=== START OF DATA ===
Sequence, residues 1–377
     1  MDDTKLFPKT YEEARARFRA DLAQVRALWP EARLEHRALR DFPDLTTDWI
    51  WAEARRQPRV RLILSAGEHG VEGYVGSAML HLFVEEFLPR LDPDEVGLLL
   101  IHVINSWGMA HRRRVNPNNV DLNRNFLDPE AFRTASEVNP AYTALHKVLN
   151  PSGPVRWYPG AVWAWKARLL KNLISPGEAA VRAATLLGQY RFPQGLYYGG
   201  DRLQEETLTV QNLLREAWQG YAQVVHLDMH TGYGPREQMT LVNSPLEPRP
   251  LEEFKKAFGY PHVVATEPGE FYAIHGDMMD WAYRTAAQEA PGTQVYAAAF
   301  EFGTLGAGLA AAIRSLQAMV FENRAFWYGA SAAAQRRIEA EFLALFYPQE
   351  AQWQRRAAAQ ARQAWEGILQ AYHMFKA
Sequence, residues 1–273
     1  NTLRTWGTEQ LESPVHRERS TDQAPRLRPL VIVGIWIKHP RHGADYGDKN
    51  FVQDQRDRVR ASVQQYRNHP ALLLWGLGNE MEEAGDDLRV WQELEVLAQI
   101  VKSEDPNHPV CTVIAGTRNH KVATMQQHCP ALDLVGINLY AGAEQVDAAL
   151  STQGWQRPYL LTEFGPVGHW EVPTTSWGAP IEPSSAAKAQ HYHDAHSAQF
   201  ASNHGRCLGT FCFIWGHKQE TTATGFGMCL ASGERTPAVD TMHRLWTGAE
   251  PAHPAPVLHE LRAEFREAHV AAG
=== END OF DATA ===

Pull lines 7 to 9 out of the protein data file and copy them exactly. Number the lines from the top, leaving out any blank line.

   251  LEEFKKAFGY PHVVATEPGE FYAIHGDMMD WAYRTAAQEA PGTQVYAAAF
   301  EFGTLGAGLA AAIRSLQAMV FENRAFWYGA SAAAQRRIEA EFLALFYPQE
   351  AQWQRRAAAQ ARQAWEGILQ AYHMFKA